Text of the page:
Everyone these days wants to write more words. Or they want to teach you how to write more words. Either way, it’s kind of an ebook craze right now.
I’ve been reading a bunch of those “write faster” books lately – partly for research and partly because, well, I do actually want to produce more words – and I decided to put together a few of my favorite tips from what I’ve read. These are all really practical, and you can start doing them right away. As in, right now. Get to the bottom of this blog post and write, you animal!
Yeah, yeah, I know I harp on these a lot. But so does everyone else, because… they work. Chris Fox has it right: if you track your word sprints, you get a lot out of them. You start to really feel the progress you’re making, motivating you to keep writing, to keep sprinting. (Try out his tracking spreadsheet! I personally use something simpler, but he’s done a lot of work to make it easy.)
If it helps, challenge someone else – another writer or aspiring writer – to join you or participate in a friendly competition. NaNoWordSprints on Twitter is a great place to find strangers to sprint with, if you don’t personally know anyone who wants to participate in such chaos.
How to start: Set a five-minute timer, put yourself in a position to write using your favorite medium, and don’t stop until the timer’s up. Do this until you’re satisfied with your word count.
As I wrote in a previous blog post, invisible ink is a tactic to keep you from looking at what you’ve been writing and therefore wanting to edit it.
How to start: Open your favorite word processing software of choice, and change the font to match the color of the window (in the case of Microsoft Word or OneNote, it would likely be white). Keep typing, because you can’t slow down to read what you just wrote!
The Parentheses Process
Another one I’ve written about before, the Parentheses Process basically goes like this: if you can’t think of it now, put brackets around the most useful description of what should go there, and move on.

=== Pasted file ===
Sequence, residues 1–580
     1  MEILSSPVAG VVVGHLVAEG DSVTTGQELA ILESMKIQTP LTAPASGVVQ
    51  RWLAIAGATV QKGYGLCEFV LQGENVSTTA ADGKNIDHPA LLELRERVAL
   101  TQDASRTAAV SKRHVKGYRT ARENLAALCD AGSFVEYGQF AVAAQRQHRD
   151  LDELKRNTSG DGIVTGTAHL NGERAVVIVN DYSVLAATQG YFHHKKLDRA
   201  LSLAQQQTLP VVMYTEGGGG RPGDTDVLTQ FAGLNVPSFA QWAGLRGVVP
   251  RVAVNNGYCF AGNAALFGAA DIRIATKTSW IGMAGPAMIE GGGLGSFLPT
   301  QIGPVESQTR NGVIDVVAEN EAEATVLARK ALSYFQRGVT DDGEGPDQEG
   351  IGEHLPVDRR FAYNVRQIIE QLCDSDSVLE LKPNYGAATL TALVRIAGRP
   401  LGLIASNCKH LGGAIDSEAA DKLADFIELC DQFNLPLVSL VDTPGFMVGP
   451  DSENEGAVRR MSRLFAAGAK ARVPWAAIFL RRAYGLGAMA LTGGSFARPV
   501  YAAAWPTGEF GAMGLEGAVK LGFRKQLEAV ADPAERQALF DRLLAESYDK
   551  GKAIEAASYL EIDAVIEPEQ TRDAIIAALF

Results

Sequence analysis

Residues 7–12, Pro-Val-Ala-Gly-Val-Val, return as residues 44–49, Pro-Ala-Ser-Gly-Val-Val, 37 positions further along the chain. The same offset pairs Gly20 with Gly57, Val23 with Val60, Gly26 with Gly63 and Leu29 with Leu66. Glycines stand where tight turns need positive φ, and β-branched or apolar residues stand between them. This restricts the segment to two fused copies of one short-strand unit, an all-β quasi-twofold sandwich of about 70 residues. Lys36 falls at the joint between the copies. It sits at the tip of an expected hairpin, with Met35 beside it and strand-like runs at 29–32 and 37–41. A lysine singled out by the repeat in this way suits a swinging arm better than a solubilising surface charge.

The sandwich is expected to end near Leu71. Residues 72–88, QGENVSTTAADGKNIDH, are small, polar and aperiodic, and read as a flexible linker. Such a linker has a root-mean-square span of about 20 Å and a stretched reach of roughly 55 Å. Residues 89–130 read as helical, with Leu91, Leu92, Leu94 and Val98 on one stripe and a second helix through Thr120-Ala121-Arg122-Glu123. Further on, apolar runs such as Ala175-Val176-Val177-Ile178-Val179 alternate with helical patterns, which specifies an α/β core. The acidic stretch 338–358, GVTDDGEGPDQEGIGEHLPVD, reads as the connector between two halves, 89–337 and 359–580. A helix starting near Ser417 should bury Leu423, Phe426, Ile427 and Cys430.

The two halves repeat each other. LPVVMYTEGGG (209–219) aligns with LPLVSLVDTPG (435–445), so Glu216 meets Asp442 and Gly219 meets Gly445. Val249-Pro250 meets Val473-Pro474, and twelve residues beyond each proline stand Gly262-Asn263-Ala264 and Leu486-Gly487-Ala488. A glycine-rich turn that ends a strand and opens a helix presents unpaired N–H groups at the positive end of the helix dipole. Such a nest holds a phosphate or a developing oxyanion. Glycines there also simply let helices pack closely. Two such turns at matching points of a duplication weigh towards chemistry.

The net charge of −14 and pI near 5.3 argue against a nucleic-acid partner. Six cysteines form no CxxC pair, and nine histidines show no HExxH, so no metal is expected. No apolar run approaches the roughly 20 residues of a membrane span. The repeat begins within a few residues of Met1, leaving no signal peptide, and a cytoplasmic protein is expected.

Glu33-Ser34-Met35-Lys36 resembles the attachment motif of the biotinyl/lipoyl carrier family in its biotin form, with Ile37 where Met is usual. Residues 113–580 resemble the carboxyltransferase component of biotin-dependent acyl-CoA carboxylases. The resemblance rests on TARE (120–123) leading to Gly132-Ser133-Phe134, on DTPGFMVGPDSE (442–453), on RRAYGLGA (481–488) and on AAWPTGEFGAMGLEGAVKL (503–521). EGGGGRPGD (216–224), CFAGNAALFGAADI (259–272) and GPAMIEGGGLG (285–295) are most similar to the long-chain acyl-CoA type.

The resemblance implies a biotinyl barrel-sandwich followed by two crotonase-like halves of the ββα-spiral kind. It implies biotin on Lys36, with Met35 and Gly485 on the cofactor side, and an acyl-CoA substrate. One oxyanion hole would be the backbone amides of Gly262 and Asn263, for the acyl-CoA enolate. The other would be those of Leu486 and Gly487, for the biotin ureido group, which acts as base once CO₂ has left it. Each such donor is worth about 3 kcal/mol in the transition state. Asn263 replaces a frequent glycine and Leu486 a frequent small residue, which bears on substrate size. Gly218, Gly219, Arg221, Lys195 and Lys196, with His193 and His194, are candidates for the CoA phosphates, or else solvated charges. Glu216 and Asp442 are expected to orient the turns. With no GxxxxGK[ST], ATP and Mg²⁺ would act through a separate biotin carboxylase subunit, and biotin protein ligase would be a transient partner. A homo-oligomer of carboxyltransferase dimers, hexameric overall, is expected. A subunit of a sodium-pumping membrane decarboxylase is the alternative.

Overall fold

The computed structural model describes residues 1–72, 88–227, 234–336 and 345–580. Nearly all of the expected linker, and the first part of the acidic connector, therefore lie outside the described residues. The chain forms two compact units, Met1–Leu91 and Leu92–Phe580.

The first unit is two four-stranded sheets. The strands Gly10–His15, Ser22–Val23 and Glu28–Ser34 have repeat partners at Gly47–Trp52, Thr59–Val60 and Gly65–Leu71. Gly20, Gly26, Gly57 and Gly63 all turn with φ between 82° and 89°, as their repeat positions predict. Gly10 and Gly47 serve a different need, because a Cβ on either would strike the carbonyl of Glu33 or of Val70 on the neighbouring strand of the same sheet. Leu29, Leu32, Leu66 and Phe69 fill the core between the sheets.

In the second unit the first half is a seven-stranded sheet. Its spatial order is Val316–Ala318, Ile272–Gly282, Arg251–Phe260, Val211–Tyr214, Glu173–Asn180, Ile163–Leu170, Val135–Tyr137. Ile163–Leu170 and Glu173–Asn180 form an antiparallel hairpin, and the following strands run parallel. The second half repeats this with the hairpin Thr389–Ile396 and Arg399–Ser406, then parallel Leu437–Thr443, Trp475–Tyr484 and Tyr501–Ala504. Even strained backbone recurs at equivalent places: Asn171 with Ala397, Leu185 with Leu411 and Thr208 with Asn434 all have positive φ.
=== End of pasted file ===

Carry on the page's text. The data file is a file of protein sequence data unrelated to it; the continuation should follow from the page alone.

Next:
How to start: Choose a piece of writing you’re stuck on, and use brackets right now to “skip past” the hard stuff. Keep skipping every time you reach something you can’t write right now, and you’ll get to the end faster.
I’ve just started down this path, and I’m sure I’ll have updates for you soon. In fact, a good portion of this blog post was actually written with my voice! I’m lucky to have a very nice microphone, but you don’t really have to have a fancy setup to get started. All you need is a copy of Windows 10, a microphone of some sort, and a quiet room to talk to yourself.
I don’t actually recommend dictating everything. The system isn’t really optimized for fiction (not even Dragon Naturally Speaking, the industry’s leading dictation software). But this blog post, as mentioned above, was fairly easy to dictate. The style is conversational, and it’s not that hard to think about where I need to punctuate.
How to start: Make sure your Windows 10 computer is on (at least) the Windows 10 Fall Creators Update. Use the shortcut Start + H on your keyboard to open the dictation bar (it seems to work in Edge and Microsoft Office products for sure), and start dictating.
To make things a little easier, here is a starting list of phrases you’ll need if you want to punctuate as you dictate (full list of what the native Windows speech recognition can do is here):
- “Exclamation mark”
- “Question mark”
- “Open quote”
- “Close quote”
- “New line”
I’m working on a how-to book right now, intended to help aspiring short story writers get their sea legs, and the way I’m structuring the content, I’m going to create myself a cheatsheet, a tactic I’ve mentioned before. Content that is repetitive or structured in a certain way is ripe for this kind of “hack.”
How to start: Take note of all of the elements in the repetitive content. Are there headers, sections, common transitions? Build yourself an outline that touches on each of these elements, and save it somewhere for easy copying the next time you need to produce that kind of content again.
Setting your scene
I recently read a book called Novel Shortcuts, Chapter 4 of which was about setting up a scene before you start writing it. Whitcomb writes about three tactics she uses to ensure that she skips past a lot of “shitty first draft” problems, which I’ve found incredibly useful as I revise my novel “Portent.”
How to start: List out your scene’s physical and internal actions, beat by beat, including the goal, the conflict, and what is unresolved (whether or not it gets resolved in your scene). Next, write the dialogue version of your scene – “write out what has to be communicated,” is how Whitcomb describes it. (When you actually write the scene, this will likely get distilled down into just a few key crisp lines.) Finally, write the “heartstorm” version of the scene (instead of a “brainstorm”) – focus only on the sensory details the character(s) will experience.
Now, when you sit down to write the real scene, you’ll already have all of this raw material to draw from. This keeps you from going off track and keeps the scene moving in the direction the story needs to take.